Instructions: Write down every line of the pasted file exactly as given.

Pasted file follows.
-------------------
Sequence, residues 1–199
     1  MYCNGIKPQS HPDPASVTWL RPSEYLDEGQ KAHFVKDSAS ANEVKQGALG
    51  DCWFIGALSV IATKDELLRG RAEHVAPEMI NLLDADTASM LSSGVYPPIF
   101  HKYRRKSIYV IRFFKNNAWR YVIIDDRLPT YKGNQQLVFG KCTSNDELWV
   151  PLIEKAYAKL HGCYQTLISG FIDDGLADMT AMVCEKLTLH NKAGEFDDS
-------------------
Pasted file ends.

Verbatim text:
Sequence, residues 1–199
     1  MYCNGIKPQS HPDPASVTWL RPSEYLDEGQ KAHFVKDSAS ANEVKQGALG
    51  DCWFIGALSV IATKDELLRG RAEHVAPEMI NLLDADTASM LSSGVYPPIF
   101  HKYRRKSIYV IRFFKNNAWR YVIIDDRLPT YKGNQQLVFG KCTSNDELWV
   151  PLIEKAYAKL HGCYQTLISG FIDDGLADMT AMVCEKLTLH NKAGEFDDS